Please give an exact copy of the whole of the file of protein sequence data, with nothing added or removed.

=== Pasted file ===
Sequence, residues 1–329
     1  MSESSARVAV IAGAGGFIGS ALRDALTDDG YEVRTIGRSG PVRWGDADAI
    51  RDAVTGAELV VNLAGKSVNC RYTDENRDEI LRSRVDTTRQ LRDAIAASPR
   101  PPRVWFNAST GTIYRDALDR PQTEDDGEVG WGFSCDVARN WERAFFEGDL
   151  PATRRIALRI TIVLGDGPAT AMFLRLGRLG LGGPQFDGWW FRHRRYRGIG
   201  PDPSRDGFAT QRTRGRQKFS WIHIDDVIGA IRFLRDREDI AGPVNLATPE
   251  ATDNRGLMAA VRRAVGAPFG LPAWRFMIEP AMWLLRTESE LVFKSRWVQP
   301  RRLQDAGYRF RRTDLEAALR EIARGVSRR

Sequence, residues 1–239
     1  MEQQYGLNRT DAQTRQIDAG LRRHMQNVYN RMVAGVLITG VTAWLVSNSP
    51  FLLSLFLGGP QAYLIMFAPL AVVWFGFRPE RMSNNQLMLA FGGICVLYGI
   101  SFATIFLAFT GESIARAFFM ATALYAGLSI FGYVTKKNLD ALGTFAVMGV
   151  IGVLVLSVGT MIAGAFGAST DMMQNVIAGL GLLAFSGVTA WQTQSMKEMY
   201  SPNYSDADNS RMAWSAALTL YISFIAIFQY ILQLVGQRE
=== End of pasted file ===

Sequence, residues 1–329
     1  MSESSARVAV IAGAGGFIGS ALRDALTDDG YEVRTIGRSG PVRWGDADAI
    51  RDAVTGAELV VNLAGKSVNC RYTDENRDEI LRSRVDTTRQ LRDAIAASPR
   101  PPRVWFNAST GTIYRDALDR PQTEDDGEVG WGFSCDVARN WERAFFEGDL
   151  PATRRIALRI TIVLGDGPAT AMFLRLGRLG LGGPQFDGWW FRHRRYRGIG
   201  PDPSRDGFAT QRTRGRQKFS WIHIDDVIGA IRFLRDREDI AGPVNLATPE
   251  ATDNRGLMAA VRRAVGAPFG LPAWRFMIEP AMWLLRTESE LVFKSRWVQP
   301  RRLQDAGYRF RRTDLEAALR EIARGVSRR

Sequence, residues 1–239
     1  MEQQYGLNRT DAQTRQIDAG LRRHMQNVYN RMVAGVLITG VTAWLVSNSP
    51  FLLSLFLGGP QAYLIMFAPL AVVWFGFRPE RMSNNQLMLA FGGICVLYGI
   101  SFATIFLAFT GESIARAFFM ATALYAGLSI FGYVTKKNLD ALGTFAVMGV
   151  IGVLVLSVGT MIAGAFGAST DMMQNVIAGL GLLAFSGVTA WQTQSMKEMY
   201  SPNYSDADNS RMAWSAALTL YISFIAIFQY ILQLVGQRE